Bipolar Disorder Comorbidities

Bipolar Disorder Comorbidities

Common Comorbid Disorders Among Bipolar Patients

Bipolar disorder is challenging on its own, but this illness is also likely to be accompanied by certain other physical and mental disorders in a situation known as comorbidity. In these cases, psychiatric treatment may become more complicated and physical interventions may be necessary. Unfortunately, patients who suffer from both bipolar and another disorder may be faced with more obstacles on the road to wellness. Below are some of the most common comorbidities that are seen among bipolar patients.

Anxiety Disorders

Fifty percent of bipolar patients also have an anxiety disorder, with generalized anxiety disorder being the most common. However, panic disorder, obsessive-compulsive disorder, phobias, and post-traumatic stress disorder are also common in this group. In those with bipolar disorder, these symptoms are most likely to appear during mixed states that combine features of mania and depression.


Up to one in five adults with bipolar disorder also has attention-deficit/hyperactivity disorder. The two disorders have a number of overlapping symptoms, including excessive talking, restlessness, and inability to concentrate. However, the two disorders can be hard to distinguish from each other because early symptoms of mania or mixed episodes may resemble classic ADHD symptoms. Furthermore, stimulant drugs used to treat ADHD are thought to trigger bipolar disorder in those who are vulnerable.

Substance Abuse

Three-fifths of bipolar patients abuse alcohol or drugs. Factors associated with substance abuse are early diagnosis, familial substance abuse history, and presence of mixed episodes. The highs and lows of substance abuse and withdrawal can be mistaken for mania and depression, potentially complicating diagnosis and treatment.


Metabolic Syndrome

Metabolic syndrome, a combination of high triglycerides, low HDL, insulin resistance, and high blood pressure, affects between one in five and one in three people with bipolar disorder. The connection between bipolar disorder and metabolic syndrome is not totally clear. However, researchers do know that many of the medications used to treat bipolar disorder, such as atypical antipsychotics, raise blood sugar and increase the risk of metabolic syndrome.


About three-quarters of people with bipolar disorder are overweight. This may, in part, be caused by high levels of cortisol, a hormone whose levels are raised by the stress of bipolar and other psychiatric disorders. However, the antipsychotic and antidepressant drugs used to treat bipolar patients are now also known to cause intense weight gain. In fact, some patients have gained more than 100 pounds due to medication side effects.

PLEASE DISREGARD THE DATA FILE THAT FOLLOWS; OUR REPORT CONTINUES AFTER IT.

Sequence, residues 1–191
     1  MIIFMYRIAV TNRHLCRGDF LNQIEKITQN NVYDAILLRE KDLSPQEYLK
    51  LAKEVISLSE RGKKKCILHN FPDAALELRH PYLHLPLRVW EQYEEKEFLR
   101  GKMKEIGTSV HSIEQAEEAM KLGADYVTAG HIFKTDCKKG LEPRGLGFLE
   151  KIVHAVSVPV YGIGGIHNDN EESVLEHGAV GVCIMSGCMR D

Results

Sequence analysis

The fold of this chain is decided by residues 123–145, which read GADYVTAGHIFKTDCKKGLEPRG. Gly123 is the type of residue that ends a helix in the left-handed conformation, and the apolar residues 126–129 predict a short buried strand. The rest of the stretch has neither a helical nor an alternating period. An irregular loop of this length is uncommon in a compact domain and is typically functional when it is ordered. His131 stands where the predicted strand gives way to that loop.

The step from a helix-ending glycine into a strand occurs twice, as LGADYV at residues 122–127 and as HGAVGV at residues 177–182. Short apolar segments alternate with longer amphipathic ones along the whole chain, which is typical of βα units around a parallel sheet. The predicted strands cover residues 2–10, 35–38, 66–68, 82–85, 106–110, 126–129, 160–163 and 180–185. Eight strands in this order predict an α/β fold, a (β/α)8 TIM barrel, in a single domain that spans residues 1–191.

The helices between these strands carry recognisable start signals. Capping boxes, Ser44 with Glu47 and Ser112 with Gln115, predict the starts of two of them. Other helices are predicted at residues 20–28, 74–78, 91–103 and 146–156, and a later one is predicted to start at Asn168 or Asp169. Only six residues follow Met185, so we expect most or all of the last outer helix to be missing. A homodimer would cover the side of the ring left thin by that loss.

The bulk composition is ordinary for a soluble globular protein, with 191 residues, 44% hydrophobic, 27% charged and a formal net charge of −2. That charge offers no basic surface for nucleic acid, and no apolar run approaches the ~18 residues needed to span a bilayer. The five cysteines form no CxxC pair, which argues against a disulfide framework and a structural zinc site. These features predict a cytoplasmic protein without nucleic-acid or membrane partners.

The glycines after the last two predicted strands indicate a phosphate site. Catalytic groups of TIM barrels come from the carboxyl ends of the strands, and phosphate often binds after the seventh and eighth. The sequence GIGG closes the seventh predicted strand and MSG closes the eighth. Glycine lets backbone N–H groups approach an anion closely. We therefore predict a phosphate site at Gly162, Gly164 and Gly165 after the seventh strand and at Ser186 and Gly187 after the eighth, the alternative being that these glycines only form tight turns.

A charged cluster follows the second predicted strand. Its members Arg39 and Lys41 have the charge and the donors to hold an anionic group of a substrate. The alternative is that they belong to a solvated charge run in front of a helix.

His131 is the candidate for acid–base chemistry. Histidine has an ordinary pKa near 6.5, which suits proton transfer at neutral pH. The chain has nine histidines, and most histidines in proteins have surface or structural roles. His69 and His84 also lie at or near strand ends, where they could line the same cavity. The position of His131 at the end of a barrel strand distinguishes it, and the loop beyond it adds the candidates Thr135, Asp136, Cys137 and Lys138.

Personality Disorders

About one out of three bipolar patients also have a personality disorder in cluster B with narcissistic, borderline, histrionic, or antisocial symptoms. These disorders are more common among individuals who have suffered some form of abuse as a child. Comorbidity of bipolar disorder with personality disorders increases lifetime suicide risk and complicates certain aspects of treatment, such as refinement of drug dosages.

Autistic Spectrum Disorders

Autistic spectrum disorders can be seen in about one out of three children diagnosed with bipolar I disorder. In relatives of children with autistic spectrum disorders, rates of bipolar disorder are significantly higher. Autistic spectrum disorders can isolate bipolar children by further reducing their social skills and development. Of the bipolar symptoms affecting patients with both disorders, grandiosity has been found to be especially common.

Comorbidities are major factors affecting the lives and treatment of people with bipolar disorder. In many cases, bipolar patients with comorbidities have greater obstacles to overcome. However, with a strong support system and long-term efforts by patients and their doctors, patients may be more likely to succeed in finding stability. As the connection between bipolar disorder and comorbid disorders continues to be studied by medical professionals, diagnosis of bipolar comorbidities is likely to increase and lead to faster and more effective treatment.

NewLifeOutlook TeamNewLifeOutlook Team
Jan 3, 2014
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